The riding styles are as diverse as the women. On the Venice Beach Boardwalk, Natalie Pluto (pictured below) is part of a small band of balletic freestylers, doing kick-flips and shove-its as she weaves among the tourists. Based in Virginia, Emily Pross, who styles herself ‘the Prossecutor’, wears a shiny black speed suit and aerodynamic helmet to beat the men in downhill races – her speed record is 83.88mph. All of them are celebrated on the LGC social feeds, from the cruisers to the leather-clad competitors posting under the #girlscanride hashtag.

The group had its Endless Summer moment in 2011, with a film of seven women road-tripping across Spain and the Balearics in a red VW camper van, riding their boards through white-stone villages and down sun-flared roads overlooking limestone cliffs. Endless Roads, the result of this 2,670-mile journey, became a clarion call for a certain type of female-powered adventure, with 1.4 million views on YouTube. ‘It was more rare for something to go viral back then,’ says Kechichian. ‘But our video was suddenly everywhere. It resonated with women who thought, “Hey, we can do this.” It started a global movement.’

One of the people who watched Endless Roads on repeat was a teenage Valeriya Gogunskaya (pictured above), who lived in the forested Finnish city of Kuopio. ‘It just looked super-cool,’ she says. ‘I used to roller-skate, and I gave my skates to a friend in exchange for his longboard. I downloaded some YouTube tutorials and started cruising.’ A year later, Gogunskaya moved to Santa Cruz, a beach town north of Lisbon, with hopes of finding other skaters: ‘There was just one guy there at the time. I was always whining to my boyfriend that there was no one to skate with. He said, “Why don’t you start something?”’ Inspired by LGC, Gogunskaya organised a meet-up in 2017 at Praia de Santa Cruz’s white-stone-balustered platform, which looks out over the hazy, rocky coastline. To her surprise, around 30 people showed up – almost all of them female. She launched a skate camp, Longboarding Days and Nights, and single-handedly sparked a scene in Santa Cruz, where many are now women in their 30s and 40s.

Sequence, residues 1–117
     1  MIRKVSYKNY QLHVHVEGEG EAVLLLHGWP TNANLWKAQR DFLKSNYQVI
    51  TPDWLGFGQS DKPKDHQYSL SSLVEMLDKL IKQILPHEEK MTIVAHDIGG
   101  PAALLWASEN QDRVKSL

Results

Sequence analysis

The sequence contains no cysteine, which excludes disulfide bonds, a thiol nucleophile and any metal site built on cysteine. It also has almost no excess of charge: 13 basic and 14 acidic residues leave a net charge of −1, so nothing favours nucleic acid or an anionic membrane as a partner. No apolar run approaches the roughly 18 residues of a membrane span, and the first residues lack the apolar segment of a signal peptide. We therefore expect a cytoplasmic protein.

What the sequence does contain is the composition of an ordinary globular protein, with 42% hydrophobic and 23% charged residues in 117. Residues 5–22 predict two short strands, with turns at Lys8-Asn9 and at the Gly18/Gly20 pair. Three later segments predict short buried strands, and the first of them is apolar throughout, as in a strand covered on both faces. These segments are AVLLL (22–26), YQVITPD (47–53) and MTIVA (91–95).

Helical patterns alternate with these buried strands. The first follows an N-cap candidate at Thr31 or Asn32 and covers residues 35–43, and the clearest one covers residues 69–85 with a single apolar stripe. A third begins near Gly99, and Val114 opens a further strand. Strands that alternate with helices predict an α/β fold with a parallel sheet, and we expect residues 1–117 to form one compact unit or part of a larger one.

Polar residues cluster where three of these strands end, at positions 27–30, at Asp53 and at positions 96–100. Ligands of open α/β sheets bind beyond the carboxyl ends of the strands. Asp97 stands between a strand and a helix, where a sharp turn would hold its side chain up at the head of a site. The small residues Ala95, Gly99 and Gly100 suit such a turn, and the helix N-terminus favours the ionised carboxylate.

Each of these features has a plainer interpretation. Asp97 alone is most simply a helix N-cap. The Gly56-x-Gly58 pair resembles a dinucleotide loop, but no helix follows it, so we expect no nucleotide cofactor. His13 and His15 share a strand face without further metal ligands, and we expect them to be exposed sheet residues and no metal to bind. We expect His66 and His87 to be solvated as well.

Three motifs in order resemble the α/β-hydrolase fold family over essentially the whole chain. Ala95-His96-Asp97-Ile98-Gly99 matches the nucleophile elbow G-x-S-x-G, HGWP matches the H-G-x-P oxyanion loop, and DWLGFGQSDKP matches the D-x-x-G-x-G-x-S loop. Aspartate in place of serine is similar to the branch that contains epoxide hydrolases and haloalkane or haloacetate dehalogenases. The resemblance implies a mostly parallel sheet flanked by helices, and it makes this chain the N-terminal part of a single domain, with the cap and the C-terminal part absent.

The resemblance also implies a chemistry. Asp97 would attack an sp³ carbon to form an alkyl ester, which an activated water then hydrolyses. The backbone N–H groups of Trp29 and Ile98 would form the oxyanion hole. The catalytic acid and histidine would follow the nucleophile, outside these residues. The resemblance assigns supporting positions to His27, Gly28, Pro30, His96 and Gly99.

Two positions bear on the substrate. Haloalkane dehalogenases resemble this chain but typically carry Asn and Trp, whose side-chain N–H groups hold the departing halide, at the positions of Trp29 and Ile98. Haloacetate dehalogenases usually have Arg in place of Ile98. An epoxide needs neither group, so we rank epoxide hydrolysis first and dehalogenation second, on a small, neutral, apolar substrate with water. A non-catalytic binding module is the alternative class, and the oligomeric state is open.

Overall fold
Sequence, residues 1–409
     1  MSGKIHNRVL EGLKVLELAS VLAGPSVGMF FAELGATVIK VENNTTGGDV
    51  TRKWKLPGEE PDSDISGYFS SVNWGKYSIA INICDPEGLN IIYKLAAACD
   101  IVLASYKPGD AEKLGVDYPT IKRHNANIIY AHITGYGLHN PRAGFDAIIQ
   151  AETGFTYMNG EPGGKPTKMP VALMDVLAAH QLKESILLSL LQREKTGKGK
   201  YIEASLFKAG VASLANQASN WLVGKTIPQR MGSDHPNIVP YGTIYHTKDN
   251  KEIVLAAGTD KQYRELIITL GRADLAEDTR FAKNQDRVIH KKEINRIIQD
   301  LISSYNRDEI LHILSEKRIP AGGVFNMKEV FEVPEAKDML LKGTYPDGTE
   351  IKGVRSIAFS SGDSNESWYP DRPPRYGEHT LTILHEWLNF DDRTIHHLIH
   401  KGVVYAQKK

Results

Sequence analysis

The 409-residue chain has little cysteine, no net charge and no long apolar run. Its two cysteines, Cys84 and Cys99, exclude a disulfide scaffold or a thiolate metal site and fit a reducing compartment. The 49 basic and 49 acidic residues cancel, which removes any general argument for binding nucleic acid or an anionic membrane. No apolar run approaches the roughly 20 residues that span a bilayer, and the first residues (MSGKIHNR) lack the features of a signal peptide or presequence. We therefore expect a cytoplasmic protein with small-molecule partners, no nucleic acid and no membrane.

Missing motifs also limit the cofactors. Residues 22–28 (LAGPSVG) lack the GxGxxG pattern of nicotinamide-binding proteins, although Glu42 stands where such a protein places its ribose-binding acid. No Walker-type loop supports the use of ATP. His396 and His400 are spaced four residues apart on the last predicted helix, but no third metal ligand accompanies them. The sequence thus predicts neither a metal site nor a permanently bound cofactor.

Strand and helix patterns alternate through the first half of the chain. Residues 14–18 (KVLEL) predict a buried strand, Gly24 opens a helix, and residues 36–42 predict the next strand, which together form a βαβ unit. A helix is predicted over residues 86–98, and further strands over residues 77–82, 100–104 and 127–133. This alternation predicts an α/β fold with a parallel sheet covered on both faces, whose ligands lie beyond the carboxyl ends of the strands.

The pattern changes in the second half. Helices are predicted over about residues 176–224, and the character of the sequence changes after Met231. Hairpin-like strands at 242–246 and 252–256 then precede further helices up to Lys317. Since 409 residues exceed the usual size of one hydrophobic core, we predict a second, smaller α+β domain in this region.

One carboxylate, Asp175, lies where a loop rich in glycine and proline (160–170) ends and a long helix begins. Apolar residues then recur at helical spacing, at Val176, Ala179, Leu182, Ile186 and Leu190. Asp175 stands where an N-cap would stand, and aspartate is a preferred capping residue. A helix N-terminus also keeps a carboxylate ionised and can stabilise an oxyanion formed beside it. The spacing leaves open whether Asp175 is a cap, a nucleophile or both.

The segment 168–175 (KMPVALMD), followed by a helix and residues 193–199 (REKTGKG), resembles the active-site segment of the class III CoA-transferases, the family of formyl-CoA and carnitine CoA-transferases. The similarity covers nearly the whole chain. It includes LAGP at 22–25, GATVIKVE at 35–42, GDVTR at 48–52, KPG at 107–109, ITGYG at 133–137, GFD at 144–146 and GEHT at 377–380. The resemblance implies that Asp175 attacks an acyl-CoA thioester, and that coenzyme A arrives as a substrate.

Gogunskaya practises most evenings, carving wide turns and hanging 10 like the old-school surfers. Just as Kechichian used longboarding as a form of therapy, Gogunskaya applied her passion to face down her own challenges. ‘I began when I was struggling with bulimia,’ she says. ‘It helped me relax, nurture self-love and respect my body again. I just want to share that chance with other people, especially women.’

But while Gogunskaya and Kechichian have both used longboarding as a way to process their issues, behind it all is still that simple, joyous feeling of gliding along a road: ‘When I’m skating, that’s all that matters,’ says Kechichian. ‘Me, my board and the road. It creates some sort of magic, a bubble where nothing else matters… You feel like you rule the world.’